The Iraqi dead

April 02, 2003

DONALD H. RUMSFELD and the top Pentagon brass are right when they say that civilian casualties are inevitable in war. When it happens, there can be no denying the grief, anguish and bitterness that are engendered. Monday's incident at a U.S. checkpoint, in which American soldiers opened fire on a speeding van and killed at least seven women and children, was especially heart-wrenching. But people who urge a nation into war are kidding themselves if they believe that incidents like that one can be avoided.

In an age of instant communication, the killing of civilians is an enormously difficult issue. Soldiers in the field have to protect themselves. Their commanders have to worry about public opinion at home and, more important, about the nature of the peace that will follow hostilities.

Finding the right balance can be impossible. Soldiers can be betrayed by politics; politics can be betrayed by an army too ready to pull the trigger.

The Iraqi government reports that about 600 civilians have been killed in the two weeks since the war began. Assume that that is true. Then consider that, in one night in Tokyo, in 1945, American bombers killed 100,000 men, women and children. Another 100,000 were made homeless.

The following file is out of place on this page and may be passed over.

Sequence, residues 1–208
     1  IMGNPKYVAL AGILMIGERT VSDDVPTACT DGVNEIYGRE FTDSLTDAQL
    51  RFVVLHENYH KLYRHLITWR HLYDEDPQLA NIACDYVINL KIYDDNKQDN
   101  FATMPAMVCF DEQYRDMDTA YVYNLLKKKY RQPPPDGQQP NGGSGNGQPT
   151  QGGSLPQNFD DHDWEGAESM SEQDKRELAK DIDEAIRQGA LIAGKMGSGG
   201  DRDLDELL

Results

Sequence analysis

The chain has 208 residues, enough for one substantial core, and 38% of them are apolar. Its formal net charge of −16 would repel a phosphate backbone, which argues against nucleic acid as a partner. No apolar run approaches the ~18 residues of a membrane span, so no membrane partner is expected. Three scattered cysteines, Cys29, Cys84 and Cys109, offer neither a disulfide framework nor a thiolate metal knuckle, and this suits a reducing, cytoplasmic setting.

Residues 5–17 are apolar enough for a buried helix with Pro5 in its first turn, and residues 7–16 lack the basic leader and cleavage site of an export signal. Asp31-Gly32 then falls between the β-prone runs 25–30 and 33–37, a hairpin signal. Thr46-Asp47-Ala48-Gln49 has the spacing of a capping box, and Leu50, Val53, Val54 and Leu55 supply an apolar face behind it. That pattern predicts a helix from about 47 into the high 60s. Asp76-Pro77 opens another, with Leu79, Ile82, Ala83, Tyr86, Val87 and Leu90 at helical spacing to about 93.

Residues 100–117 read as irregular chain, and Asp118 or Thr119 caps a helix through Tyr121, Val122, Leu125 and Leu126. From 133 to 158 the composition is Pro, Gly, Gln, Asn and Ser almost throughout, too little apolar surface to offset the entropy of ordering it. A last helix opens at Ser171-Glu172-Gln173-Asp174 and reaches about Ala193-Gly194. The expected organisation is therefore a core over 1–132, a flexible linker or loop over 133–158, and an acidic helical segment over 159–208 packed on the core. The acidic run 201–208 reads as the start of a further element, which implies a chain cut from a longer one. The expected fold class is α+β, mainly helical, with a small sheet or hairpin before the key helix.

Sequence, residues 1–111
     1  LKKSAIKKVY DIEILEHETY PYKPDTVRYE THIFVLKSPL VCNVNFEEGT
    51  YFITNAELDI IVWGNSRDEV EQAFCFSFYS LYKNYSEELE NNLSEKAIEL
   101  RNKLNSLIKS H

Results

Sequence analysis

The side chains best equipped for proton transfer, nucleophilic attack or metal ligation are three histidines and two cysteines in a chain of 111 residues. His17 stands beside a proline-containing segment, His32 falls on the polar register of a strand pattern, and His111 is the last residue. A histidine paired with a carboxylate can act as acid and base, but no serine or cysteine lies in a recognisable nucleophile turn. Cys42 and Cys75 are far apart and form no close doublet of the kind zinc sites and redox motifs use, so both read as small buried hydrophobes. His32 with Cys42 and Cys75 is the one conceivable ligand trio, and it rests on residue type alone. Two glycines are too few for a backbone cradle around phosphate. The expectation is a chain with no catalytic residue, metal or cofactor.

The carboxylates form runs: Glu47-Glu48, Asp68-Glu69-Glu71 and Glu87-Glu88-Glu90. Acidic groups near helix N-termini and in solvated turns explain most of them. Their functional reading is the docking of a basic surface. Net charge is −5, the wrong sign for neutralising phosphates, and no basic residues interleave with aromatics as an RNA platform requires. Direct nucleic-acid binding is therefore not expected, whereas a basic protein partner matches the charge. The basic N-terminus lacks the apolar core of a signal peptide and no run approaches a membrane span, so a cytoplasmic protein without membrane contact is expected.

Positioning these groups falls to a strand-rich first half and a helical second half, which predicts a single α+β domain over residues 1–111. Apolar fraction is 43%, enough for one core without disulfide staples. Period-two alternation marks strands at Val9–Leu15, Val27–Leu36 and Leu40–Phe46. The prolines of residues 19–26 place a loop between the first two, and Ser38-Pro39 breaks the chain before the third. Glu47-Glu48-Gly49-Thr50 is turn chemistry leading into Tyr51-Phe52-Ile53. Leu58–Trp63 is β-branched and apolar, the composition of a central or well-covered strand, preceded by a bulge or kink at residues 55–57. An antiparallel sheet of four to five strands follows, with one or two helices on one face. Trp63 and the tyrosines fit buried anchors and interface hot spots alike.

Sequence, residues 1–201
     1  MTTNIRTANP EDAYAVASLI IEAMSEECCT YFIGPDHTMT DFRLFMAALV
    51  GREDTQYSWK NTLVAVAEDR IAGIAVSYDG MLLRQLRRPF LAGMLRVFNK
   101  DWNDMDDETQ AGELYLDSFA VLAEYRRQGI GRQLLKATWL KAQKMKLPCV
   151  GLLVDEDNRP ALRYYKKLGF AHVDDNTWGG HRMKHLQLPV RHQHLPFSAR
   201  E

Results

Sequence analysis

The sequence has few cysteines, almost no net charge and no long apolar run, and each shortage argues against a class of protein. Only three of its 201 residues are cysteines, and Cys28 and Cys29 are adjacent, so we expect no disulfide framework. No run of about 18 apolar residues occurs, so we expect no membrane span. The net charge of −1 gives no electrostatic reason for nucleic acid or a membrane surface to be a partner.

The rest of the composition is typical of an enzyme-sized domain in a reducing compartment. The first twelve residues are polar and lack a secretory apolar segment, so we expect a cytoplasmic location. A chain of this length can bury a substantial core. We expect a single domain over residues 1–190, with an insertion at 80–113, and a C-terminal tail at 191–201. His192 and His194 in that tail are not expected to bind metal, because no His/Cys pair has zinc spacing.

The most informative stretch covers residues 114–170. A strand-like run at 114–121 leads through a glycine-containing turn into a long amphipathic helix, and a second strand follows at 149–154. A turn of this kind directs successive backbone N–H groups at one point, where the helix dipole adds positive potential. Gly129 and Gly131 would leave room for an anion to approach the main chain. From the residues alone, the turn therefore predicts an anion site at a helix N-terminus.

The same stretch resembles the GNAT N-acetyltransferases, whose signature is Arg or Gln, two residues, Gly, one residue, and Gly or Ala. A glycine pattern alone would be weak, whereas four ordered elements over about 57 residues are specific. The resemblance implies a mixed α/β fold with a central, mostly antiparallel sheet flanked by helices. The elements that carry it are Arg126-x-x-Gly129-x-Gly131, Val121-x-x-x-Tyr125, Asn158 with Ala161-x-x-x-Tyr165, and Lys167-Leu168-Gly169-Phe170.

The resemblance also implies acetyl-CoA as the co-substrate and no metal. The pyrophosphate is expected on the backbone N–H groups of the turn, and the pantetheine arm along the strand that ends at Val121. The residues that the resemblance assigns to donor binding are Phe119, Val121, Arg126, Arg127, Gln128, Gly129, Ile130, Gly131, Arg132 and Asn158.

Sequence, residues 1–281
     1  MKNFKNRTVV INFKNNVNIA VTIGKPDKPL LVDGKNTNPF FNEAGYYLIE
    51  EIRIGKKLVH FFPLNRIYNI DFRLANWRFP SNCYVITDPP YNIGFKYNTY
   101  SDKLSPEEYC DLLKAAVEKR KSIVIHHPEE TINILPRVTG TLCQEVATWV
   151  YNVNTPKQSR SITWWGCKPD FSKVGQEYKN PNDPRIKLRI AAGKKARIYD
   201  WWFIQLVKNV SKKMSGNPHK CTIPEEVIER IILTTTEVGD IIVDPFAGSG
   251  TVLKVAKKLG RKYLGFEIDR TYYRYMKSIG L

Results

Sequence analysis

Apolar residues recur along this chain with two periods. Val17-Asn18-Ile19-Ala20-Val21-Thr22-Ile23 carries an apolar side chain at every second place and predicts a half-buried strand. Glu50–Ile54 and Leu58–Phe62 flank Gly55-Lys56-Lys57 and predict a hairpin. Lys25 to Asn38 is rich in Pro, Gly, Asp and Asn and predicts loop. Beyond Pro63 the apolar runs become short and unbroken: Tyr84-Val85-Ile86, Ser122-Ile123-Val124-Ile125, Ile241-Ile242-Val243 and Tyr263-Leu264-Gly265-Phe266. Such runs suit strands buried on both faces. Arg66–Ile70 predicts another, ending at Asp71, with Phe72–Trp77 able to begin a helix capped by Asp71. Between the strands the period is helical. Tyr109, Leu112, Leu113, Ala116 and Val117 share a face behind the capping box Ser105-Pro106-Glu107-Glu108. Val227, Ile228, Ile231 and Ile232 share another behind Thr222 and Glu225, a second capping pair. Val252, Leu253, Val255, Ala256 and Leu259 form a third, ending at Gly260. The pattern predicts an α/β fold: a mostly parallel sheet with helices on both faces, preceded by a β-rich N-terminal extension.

Or consider this: Those 600 deaths in Iraq are roughly equal to the number of people murdered in the United States over the same two-week period.

American military planners have clearly gone to considerable lengths to avoid civilian casualties. American troops have in some cases gone even further: Witness the photograph published yesterday of two soldiers on a bridge over the Euphrates, going to the aid of a wounded Iraqi woman.

And yet images of mangled and bloody children are beamed around the world - and throughout Iraq. The numbers count, but only in real terms. In propaganda terms, the numbers hardly mean anything. A dozen or a thousand - only the images matter.

This is the world as it is today. There's no getting around it.

An ideal war - if such a thing could be said to exist - would take place between two uniformed armies, maneuvering in a barren desert. This war isn't shaping up that way. And when armies pursue their foes into towns and cities, the inevitable happens - and the world quickly knows about it.

The Army said yesterday it would not change its security procedures, and in fact the driver of a car was shot dead in another incident. The longer the war continues, the more civilians will be killed. Nothing can change that. It will be up to the politicians to repair the damage afterward.

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